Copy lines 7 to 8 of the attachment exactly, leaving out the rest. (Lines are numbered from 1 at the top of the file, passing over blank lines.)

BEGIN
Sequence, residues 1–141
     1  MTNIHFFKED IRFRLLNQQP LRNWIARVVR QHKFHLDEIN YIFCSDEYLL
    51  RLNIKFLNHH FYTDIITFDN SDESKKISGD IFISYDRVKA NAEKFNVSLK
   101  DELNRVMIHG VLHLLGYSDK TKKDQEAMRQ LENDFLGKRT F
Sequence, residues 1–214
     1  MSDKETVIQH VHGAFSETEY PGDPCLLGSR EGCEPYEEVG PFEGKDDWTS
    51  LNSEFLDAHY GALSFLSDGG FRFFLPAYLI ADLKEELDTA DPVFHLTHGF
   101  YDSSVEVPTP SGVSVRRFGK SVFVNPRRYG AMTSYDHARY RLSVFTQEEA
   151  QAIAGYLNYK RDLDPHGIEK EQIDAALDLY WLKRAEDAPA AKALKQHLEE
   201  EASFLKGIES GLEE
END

    51  LNSEFLDAHY GALSFLSDGG FRFFLPAYLI ADLKEELDTA DPVFHLTHGF
   101  YDSSVEVPTP SGVSVRRFGK SVFVNPRRYG AMTSYDHARY RLSVFTQEEA